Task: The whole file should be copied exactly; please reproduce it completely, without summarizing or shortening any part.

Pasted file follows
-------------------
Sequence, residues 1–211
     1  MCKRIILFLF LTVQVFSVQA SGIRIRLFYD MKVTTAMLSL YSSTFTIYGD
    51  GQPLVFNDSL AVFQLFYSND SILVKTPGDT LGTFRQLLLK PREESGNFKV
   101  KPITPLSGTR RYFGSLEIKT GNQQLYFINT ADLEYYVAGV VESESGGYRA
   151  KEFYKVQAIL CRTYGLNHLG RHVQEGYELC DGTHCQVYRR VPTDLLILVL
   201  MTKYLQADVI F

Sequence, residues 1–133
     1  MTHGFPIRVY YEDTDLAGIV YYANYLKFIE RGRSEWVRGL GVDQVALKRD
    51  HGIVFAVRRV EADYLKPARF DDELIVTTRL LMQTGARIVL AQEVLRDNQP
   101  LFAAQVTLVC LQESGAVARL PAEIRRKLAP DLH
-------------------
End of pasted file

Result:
Sequence, residues 1–211
     1  MCKRIILFLF LTVQVFSVQA SGIRIRLFYD MKVTTAMLSL YSSTFTIYGD
    51  GQPLVFNDSL AVFQLFYSND SILVKTPGDT LGTFRQLLLK PREESGNFKV
   101  KPITPLSGTR RYFGSLEIKT GNQQLYFINT ADLEYYVAGV VESESGGYRA
   151  KEFYKVQAIL CRTYGLNHLG RHVQEGYELC DGTHCQVYRR VPTDLLILVL
   201  MTKYLQADVI F

Sequence, residues 1–133
     1  MTHGFPIRVY YEDTDLAGIV YYANYLKFIE RGRSEWVRGL GVDQVALKRD
    51  HGIVFAVRRV EADYLKPARF DDELIVTTRL LMQTGARIVL AQEVLRDNQP
   101  LFAAQVTLVC LQESGAVARL PAEIRRKLAP DLH